Medical Tourism

by Mary Gallagher, RN, MSN, CCRN

Apr 1, 2016
2016

Medical tourism — sometimes referred to as health tourism, medical outsourcing or medical travel — has a long history. Explorers from all over the world once traveled to the healing temples of ancient Greece to seek cures for their ailments. In Western culture, pilgrims journeyed to the healing waters of Bath in England or the holy waters of Lourdes, France. Today, the net worth of the health tourism industry is estimated at $40 billion. Leading medical tourism locations span the globe and include Brazil, Costa Rica, India, Malaysia, Mexico, Singapore, Taiwan, Thailand and Turkey.

As a result of globalization and international communication, medical tourism has become an increasingly popular health care alternative for Americans. In 2013, about 900,000 Americans traveled overseas for treatment, according to Patients Beyond Borders, a provider of medical travel information. Those who travel for care usually do so because treatment is much cheaper in another country. In addition, a large number of medical tourists are immigrants to the United States returning to their home country for care. The most common procedures sought on medical trips include cosmetic surgery, dentistry and heart surgery.

Beyond cost savings, benefits of medical travel include access to immediate medical care with no waiting period for surgery or procedures; high standards of care; and recovery in a relaxed vacation setting with a chance to explore a new destination and culture. Medical tourism centers use the Internet to promote their facilities to a global audience. There is even a Medical Tourism Association, whose core mission is to provide transparent education and awareness about top-of-the-line procedures and treatments at affordable prices.

Health care facilities associated with medical tourism agencies offer attractive post-op care for medical tourists. Depending on the type of surgery and recovery, these agencies offer well-rounded health vacation packages that allow medical tourists to receive first-class medical care while sightseeing hot spots or relaxing on the beach in the destination.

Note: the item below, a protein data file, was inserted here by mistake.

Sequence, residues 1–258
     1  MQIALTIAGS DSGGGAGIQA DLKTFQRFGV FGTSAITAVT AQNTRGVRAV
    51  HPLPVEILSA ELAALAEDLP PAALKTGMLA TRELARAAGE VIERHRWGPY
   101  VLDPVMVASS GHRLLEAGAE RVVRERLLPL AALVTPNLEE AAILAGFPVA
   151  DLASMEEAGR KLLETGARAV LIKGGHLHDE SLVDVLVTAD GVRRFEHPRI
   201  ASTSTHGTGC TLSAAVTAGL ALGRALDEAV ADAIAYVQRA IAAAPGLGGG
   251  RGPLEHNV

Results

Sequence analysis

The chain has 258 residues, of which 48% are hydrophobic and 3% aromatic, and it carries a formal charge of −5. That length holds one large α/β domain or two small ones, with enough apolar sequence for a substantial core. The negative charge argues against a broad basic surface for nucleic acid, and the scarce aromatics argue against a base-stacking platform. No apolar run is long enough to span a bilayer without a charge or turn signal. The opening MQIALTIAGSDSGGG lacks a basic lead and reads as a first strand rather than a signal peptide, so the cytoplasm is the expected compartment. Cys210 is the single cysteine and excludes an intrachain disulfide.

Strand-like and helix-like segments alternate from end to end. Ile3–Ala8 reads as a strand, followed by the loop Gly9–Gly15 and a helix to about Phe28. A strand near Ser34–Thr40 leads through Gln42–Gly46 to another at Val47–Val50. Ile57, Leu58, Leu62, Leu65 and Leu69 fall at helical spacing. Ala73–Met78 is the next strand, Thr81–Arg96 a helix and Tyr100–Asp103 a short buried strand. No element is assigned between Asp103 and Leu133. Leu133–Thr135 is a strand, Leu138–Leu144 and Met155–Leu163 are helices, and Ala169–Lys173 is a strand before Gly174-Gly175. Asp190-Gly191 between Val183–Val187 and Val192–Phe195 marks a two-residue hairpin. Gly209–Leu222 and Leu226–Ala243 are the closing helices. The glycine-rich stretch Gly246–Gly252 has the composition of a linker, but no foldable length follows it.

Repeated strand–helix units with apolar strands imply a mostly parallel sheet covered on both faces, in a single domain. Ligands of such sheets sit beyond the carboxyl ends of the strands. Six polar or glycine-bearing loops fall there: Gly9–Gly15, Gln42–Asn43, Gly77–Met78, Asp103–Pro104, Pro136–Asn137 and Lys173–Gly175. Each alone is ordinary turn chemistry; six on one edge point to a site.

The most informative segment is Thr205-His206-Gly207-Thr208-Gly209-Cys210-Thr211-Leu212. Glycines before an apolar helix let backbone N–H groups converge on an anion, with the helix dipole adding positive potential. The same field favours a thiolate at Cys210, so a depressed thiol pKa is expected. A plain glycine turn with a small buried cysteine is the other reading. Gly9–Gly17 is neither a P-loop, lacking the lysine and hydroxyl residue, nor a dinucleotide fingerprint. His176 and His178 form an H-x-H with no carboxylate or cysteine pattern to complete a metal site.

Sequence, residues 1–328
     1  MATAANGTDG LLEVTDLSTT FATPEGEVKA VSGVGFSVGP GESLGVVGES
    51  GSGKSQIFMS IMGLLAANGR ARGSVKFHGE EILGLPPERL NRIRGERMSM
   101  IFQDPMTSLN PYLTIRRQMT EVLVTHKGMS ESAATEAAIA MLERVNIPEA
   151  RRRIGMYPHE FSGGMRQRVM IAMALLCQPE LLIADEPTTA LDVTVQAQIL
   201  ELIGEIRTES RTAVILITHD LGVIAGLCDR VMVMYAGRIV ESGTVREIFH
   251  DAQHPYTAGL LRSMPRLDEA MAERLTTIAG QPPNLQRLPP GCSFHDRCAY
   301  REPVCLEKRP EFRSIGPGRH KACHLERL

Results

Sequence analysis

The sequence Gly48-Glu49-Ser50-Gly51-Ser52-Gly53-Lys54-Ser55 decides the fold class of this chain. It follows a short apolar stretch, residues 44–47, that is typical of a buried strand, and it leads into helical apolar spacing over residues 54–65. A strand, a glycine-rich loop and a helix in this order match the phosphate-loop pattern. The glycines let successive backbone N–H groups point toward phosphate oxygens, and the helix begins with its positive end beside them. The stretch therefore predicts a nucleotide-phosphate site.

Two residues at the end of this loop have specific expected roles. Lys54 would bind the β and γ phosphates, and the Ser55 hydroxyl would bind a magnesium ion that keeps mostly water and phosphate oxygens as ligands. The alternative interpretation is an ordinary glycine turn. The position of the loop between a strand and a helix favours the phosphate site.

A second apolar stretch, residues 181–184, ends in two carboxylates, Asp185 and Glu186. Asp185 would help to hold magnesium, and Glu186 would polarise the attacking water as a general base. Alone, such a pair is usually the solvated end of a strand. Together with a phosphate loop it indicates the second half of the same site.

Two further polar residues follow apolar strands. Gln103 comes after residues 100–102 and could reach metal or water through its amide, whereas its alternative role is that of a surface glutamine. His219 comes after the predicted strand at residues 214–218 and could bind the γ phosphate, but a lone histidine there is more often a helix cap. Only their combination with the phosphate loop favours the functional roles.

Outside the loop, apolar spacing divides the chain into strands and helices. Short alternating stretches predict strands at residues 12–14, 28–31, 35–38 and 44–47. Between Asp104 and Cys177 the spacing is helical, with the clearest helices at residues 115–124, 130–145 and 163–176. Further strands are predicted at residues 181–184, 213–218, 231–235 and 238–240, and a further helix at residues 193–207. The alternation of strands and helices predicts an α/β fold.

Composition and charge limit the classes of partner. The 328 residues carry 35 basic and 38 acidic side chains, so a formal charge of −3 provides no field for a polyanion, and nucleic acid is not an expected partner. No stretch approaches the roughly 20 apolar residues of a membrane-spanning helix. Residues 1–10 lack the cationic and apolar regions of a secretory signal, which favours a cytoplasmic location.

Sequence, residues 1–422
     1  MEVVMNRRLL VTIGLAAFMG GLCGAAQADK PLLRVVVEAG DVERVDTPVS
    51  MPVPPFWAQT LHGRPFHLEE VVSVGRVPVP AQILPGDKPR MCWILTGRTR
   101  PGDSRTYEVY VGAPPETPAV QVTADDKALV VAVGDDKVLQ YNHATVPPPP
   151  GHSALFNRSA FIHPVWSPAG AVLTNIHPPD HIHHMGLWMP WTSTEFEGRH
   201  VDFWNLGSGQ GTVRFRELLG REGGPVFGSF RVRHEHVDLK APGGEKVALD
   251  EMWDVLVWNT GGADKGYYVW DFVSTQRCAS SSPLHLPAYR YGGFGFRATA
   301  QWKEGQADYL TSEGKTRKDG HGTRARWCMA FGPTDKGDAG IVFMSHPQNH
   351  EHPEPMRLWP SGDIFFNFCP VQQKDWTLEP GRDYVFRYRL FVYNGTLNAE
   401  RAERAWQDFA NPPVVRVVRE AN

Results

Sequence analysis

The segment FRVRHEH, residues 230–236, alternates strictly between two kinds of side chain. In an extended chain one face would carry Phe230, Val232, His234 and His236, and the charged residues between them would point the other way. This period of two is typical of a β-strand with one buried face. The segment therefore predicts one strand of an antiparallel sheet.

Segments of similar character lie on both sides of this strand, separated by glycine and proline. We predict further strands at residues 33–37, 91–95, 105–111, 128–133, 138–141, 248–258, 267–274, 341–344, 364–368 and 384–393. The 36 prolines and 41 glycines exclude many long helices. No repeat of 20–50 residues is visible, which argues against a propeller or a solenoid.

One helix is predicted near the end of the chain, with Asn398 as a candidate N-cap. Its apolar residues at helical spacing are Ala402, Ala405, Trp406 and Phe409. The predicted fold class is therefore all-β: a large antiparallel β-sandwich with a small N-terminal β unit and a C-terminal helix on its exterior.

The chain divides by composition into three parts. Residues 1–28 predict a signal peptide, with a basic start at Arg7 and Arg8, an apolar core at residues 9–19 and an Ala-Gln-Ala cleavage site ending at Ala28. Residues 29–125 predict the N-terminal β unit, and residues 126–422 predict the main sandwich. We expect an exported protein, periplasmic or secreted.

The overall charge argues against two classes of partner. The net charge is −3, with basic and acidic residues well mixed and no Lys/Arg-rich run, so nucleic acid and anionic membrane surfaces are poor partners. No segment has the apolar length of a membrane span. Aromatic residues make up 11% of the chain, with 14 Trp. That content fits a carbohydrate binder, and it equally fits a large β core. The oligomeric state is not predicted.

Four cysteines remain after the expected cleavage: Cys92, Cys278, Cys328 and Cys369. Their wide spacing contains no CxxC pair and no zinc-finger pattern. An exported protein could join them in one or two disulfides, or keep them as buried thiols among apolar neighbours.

The lower cost of care obviously makes medical tourism attractive for patients from countries with high medical costs. Complex surgeries such as organ transplants and cardiac surgeries are expensive, and those who seek such procedures abroad do not have to break the bank to pay for them. Savings from medical travel can reach 15 to 85 percent in some cases, but it is important to do your research to find the best health care option for you.

In response to global demand for accreditation standards, the U.S.- based Joint Commission launched an international affiliate agency. In order to receive accreditation from the Joint Commission International, an international hospital must meet the same rigorous standards set forth in the United States by the Joint Commission. More than 600 hospitals and clinics around the world have earned JCI accreditation.

The specific risks of medical travel depend on the location and the procedures performed, but some general issues have been identified. Communication may be a problem. Receiving care at a facility where you do not speak the language fluently increases the chance of misunderstanding. There is no time to develop the doctor-patient relationship or directly consult with the surgeon if a complication develops at home. Doctors or health care staff may reuse needles between patients or follow other unsafe practices that can transmit diseases such as hepatitis and HIV. Medications may be counterfeit or of poor quality in some countries. Antibiotic resistance is a global problem, and resistant bacteria may be more common in countries outside the United States. The blood supply in some countries comes primarily from paid donors and may not be screened, putting patients at risk for HIV and other infections spread through blood.

Flying in a plane before and after surgery increases the risk for complications post-operatively such as blood clots, pulmonary embolism, dehydration, fatigue, pain and disorientation. In most foreign countries there is no ability to file a grievance if something goes wrong with the hospital or surgeon. The lack of malpractice insurance in foreign countries is partly responsible for the lower costs. The websites advertising health tourism can be deceptive while making false promises.

To decrease risks, select health care facilities certified or accredited per international standards such as the JCI, the American Association for Accreditation for Ambulatory Surgery Facilities International or the Accreditation Association for Ambulatory Health Care/Acreditas Global. All accredited clinics and facilities must pass inspection of all practice standards in the following categories: general environment and safety, operating room environment, policies and procedures, recovery room environment, blood and medications, medical records, quality assessment, personnel and staff, and anesthesia.

Select a health care facility that focuses on patient safety and has high-quality care standards in place. When you have recovered and are ready to travel, request a copy of your medical records to take home.

The content of this article is for informational purposes only. It is not intended to be a substitute for professional medical advice, diagnosis or treatment. Always seek the advice of your physician or other qualified health care provider with any questions you may have regarding a medical condition.

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